government or police investigators. Youngblood v. West Virginia, 547 U.S. 867, 869-70
(2006) (citing Kyles v. Whitley, 514 U.S. 419, 437 (1995) (“[T]he individual prosecutor has
a duty to learn of any favorable evidence known to the others acting on the government’s
behalf in the case, including the police.”)).
¶51. The suppression of evidence includes evidence used for impeachment purposes. In
Roberson v. State, No. 2014-KA-00652-COA, 2017 WL 3872182, at *19 (¶97) (Miss. Ct.
App. Sept. 5, 2017), we said:
The suppression of favorable evidence is a violation of the defendant’s due
process rights. Favorable evidence includes that which is either directly
exculpatory or items which can be used for impeachment purposes. Manning
v State, 929 So. 2d 885, 890-91 (¶13) (Miss. 2006)
¶52. It is important for the circuit court in this case to address the Brady violation issue
because a defendant is not required to demonstrate that disclosure of the suppressed evidence
would have ultimately resulted in the defendant’s acquittal, as is required when the court
considers newly discovered evidence. In Kyles v. Whitley, 514 U.S. 419, 434 (1995), the
United State Supreme Court said:
The question is not whether the defendant would more likely than not have
received a different verdict with the evidence, but whether in its absence he
received a fair trial, understood as a trial resulting in a verdict worthy of
confidence. A “reasonable probability” of a different result is accordingly
shown when the government’s evidentiary suppression” undermines
confidence in the outcome of the trial.”
Id. (quoting United States v. Bagley, 473 U.S. 667, 473 (1985)). In Smith v. State, 500 So.
2d 973, 979 (Miss. 1986), the Mississippi Supreme Court said that when considering Brady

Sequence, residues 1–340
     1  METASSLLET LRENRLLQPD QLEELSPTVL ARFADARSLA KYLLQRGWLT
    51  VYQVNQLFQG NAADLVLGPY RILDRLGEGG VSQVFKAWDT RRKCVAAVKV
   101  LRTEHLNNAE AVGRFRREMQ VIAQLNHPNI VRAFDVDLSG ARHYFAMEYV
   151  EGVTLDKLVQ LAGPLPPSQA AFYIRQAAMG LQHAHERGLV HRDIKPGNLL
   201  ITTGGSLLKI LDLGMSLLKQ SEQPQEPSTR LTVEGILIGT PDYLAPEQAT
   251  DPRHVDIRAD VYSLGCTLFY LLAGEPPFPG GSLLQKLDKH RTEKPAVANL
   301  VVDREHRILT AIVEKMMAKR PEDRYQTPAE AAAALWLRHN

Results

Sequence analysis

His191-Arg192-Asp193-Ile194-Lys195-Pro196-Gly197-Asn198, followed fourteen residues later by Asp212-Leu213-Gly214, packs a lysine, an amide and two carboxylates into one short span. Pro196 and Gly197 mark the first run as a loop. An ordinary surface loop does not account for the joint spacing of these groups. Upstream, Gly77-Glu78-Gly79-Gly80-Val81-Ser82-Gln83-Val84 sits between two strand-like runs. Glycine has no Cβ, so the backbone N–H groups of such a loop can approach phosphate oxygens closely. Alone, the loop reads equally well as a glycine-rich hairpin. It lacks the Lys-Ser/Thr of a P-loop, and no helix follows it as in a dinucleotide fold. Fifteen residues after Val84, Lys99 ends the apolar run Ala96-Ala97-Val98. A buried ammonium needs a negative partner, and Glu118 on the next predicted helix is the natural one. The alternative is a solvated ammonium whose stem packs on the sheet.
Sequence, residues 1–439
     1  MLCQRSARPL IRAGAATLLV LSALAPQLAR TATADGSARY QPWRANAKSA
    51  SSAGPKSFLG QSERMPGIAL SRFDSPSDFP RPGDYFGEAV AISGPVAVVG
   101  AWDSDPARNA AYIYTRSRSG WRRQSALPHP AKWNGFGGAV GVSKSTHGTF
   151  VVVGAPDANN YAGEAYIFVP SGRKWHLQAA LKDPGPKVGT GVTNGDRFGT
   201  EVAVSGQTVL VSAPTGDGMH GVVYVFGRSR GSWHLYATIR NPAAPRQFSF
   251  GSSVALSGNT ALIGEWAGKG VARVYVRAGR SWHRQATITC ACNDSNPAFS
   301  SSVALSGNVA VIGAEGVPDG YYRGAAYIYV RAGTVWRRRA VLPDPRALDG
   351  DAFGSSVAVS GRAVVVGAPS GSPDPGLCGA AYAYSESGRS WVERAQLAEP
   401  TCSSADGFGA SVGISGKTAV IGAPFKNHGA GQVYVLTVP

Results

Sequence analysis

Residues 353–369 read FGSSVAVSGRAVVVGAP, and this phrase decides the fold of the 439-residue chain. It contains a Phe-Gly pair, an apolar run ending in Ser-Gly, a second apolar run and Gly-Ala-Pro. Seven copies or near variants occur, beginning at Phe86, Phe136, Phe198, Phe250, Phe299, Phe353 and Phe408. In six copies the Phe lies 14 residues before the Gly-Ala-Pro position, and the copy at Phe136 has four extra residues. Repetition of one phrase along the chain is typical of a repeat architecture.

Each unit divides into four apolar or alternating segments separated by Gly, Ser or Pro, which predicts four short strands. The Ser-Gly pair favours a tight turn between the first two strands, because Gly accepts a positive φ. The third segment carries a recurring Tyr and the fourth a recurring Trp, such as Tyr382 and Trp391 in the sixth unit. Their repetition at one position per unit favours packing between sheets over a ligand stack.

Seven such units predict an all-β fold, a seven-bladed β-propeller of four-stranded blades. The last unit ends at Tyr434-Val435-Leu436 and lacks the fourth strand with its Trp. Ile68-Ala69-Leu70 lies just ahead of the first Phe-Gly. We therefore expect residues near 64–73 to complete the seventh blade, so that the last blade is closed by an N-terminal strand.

violations, “the trial judge should not focus narrowly on the probable effect of the evidence
upon the jury. He should take into account all the relevant facts including any impairment
upon the defense’s decision making process, either prior to or during trial.”
¶53. In the case at hand, Augusta presented the affidavit of Edwards Sr. to establish that
Hairston had told him that the perpetrators were not any of the Hughes boys. Edwards Sr.
also said that even if he failed to put this in the official report, he told Officer Young what
Hairston had said. Thus, the statement was apparently known by police investigators and
should have been disclosed. Prosecutors must learn of any favorable evidence others
operating on the government’s part, like police, might have. Strickler v. Green, 527 U.S.
263, 280-81 (1991). Augusta’s trial attorney, Housely, testified that he was not informed of
Hairston’s statement that “it was not a Hughes.” The State put on no evidence to rebut this
testimony. On remand, the court should address the evidence presented and its conclusions
of law concerning this alleged Brady violation.
B. Omissions and Erroneous Findings of Fact
¶54. In its opinion, the court addressed some of the proof presented on the issue of newly
discovered evidence, but not all. The court dealt with testimony of Edwards Jr.’s pre-trial